Nov 24, 2008 Nicole rated it it was amazing  ·  review of another edition
Shelves: 19thcentury, mystery
The debut of Julian Kestrel and a very neatly done mystery. One of the great things about Kate Ross' writing is that while she creates a character with a number of extraordinary talents, she reveals the extent of them slowly of the course of the four books that she wrote so the reader is not overwhelmed by too much uniqueness. I always liked that Julian had enough personality quirks to be fascinating without being so overdone that his perfection was annoying. I also appreciated the little detail ...more
A cozy type historical mystery - first in a series - that was enjoyable enough but dragged out a bit. I'm not running out to buy the next in the series.
The mystery was plotted well and had a satisfying finish, though some of the clues jumped out at me. The investigation was also very, very talky, and I tend to prefer a faster pace.

Julian Kestrel was an interesting lead, though I think the idea of him was a little better than his execution. Other characters speak as if he's this fashion-obsessed dandy, but he doesn't act that way apart from the occasional throwaway quip. I think I'd have enjoyed him more if he'd truly been a frivolous gentleman
Nov 29, 2008 Eric_W rated it really liked it  ·  review of another edition
I had stumbled across Kate Ross’s most recent novel Whom the Gods Love. Her detective is Julian Kestrel, a rake who, with the help of Dipper, a reformed pickpocket, solves crimes that leave the Bow Street Runners (Scotland Yard’s predecessors) baffled. Naturally, I wanted to read the earlier Kestrel novels and I’m pleased to report that Ross’s first novel, Cut to the Quick lived up to my expectations. Julian has been invited to be best man at the wedding of Hugh Fontclair. He soon realizes som ...more
Les pouvoirs de réflexion de Julian Kestrel rendent clairement hommage aux détectives de l'âge d'or du roman policier anglais "whodunit", mais il possède toute l'empathie de leurs confrères plus contemporains, les Sebastian St. Cyr et les Eraste Fandorine.
Sa première aventure est un beau mystère à l'anglaise sur fond d'affaires de famille. Et qu'importe la série de coïncidences improbables qui permettent de résoudre l'enquête. Et tant pis si, malgré la vraisemblance du contexte historique, les p
Jamie Collins
A nice murder mystery set in England in the 1820’s. The sleuth, Julian, is immensely likable, and I really wanted the book to be more about him. We learn that he’s a Regency dandy, and we’re given a few facts about him, but he jumps into detective mode before we get a good idea of what his life is like.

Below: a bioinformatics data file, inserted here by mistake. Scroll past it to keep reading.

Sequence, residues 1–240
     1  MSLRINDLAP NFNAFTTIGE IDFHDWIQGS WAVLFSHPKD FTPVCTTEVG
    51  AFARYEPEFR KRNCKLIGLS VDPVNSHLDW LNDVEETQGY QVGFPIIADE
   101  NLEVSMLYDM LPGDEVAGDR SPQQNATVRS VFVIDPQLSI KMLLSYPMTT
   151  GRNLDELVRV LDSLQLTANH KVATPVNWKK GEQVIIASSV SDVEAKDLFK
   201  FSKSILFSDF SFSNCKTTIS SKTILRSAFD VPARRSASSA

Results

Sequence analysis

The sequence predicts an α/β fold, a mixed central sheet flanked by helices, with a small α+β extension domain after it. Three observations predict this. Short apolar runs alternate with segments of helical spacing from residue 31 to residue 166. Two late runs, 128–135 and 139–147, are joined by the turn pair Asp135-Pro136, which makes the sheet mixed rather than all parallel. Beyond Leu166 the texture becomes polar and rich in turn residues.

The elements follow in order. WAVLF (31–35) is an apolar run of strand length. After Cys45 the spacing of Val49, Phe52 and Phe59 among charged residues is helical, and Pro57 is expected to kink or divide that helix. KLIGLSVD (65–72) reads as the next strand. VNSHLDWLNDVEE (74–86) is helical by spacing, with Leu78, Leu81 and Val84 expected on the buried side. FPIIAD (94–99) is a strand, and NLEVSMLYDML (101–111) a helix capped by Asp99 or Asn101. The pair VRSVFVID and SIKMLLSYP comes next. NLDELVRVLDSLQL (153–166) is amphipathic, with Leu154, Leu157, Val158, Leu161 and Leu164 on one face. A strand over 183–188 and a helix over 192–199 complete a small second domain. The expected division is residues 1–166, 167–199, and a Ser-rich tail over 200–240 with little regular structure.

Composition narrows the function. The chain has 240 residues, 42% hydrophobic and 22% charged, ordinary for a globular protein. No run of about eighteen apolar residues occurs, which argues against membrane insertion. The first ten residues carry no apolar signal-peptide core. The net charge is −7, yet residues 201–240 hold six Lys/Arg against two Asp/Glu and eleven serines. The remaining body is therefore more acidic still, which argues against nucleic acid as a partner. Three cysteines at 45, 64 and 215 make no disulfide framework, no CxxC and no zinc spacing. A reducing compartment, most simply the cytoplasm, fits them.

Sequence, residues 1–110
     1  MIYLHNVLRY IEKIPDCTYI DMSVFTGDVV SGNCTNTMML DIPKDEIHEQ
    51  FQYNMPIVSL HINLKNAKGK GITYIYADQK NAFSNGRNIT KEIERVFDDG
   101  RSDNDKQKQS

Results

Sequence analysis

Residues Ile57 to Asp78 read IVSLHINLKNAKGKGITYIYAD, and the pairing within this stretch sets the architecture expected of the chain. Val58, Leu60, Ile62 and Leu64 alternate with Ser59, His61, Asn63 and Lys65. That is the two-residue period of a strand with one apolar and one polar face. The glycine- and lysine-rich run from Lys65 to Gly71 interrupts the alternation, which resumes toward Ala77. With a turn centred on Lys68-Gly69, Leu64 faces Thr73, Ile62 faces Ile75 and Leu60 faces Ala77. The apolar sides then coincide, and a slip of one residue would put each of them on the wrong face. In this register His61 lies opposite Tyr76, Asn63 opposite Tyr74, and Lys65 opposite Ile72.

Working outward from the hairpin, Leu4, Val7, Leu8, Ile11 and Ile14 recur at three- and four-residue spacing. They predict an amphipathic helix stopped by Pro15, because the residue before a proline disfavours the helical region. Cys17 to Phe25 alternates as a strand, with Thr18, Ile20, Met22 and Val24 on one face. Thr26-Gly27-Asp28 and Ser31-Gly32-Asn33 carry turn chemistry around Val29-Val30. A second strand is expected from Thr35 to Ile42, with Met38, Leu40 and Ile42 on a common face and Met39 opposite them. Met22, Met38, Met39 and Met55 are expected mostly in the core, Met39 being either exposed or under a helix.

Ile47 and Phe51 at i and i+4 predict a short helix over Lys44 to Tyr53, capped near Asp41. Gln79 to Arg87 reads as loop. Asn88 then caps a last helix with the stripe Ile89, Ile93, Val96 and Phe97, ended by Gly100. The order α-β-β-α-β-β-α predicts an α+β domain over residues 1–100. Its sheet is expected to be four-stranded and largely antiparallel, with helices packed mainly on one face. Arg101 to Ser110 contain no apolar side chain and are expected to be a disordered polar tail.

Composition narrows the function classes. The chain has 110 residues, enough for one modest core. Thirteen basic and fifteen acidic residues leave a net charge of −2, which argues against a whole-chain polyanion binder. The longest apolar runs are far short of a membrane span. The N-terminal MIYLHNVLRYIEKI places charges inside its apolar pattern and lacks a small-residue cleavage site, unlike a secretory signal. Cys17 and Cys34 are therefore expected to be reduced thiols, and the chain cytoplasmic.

The book is strongly focused on the mystery, and it’s carefully, almost too deliberately crafted. Early on, for instance, some casual asides stand out rather obviously as clues. It’s enjoyable, ne
An excellent mystery set in the Regency period. Although I figured out who the killer was early on, there were enough red herrings thrown in that I was doubting myself. I enjoyed reading about Julian Kestrel and his ex-pick pocket valet, Dipper and look forward to revisiting them in the next three books.
Shala Howell
Good story, but I found the writing/dialogue to be ponderous. Am going to check out another one, because Ross came highly recommended, and it's possible that this is a first novel sort of problem that will shake out.
MB (What she read)
Pretty sure I must have read this a long time ago. Upon reading, a lot seemed familar.

Odd Observation:

You know, from reading Georgette Heyer, I picture "Dandies" as being overly decorated and obsessed with fad and fashion to the point of effemininity--someone of whom manly men make fun. (Which, I assume, is not what Kate Ross was referencing?)

As per descriptions, Kestrel seems much more likely to be what Heyer calls a "Corinthian", a fashionable man-about-town, in the manner of Beau Brummel. Res
Jul 09, 2014 sharon rated it really liked it  ·  review of another edition
An excellent whodunnit that contains some of my favorite mystery tropes (English country house setting, the locked room conundrum). A few small flaws with the writing, particularly the way Ross shifts POV (sometimes mid-scene, argh) seemingly arbitrarily -- I feel that mysteries are best when told from one point of view, or when the author very consciously offers up a bunch of unreliable narrators (cf. Wilkie Collins) as a way of making the style of the narrative suit the content. Including a fe ...more
A very well done Regency mystery (note: not a romance with a mystery story component) with an intelligent, intriguing sleuth named Julian Kestrel. Kate Ross' writing style is heavily dialogue dependent with minimal narrative description or exposition. At times, this reliance on dialogue does lead to some unnaturally long expository monologues by the characters though. :) Still, I did like that the reader is able to form their own opinions about the characters through their words and actions rath ...more
While reading this book, I wondered if Kate Ross had a checklist of some sort to make sure she hit every cliche and expectation of a book set in this era: Lords and Ladies? Check! Country house party? Check! Unrequited love? Check! Check! Devilishly handsome protagonist with snappy fashion sense and an unending supply of cash? Check! Devilishly handsome protagonist's quirky sidekick? Check! Regardless of the boiler plate plot line, I really enjoyed the crime, Julian Kestrel's involvement in solv ...more
Oct 12, 2012 Carolyn rated it really liked it  ·  review of another edition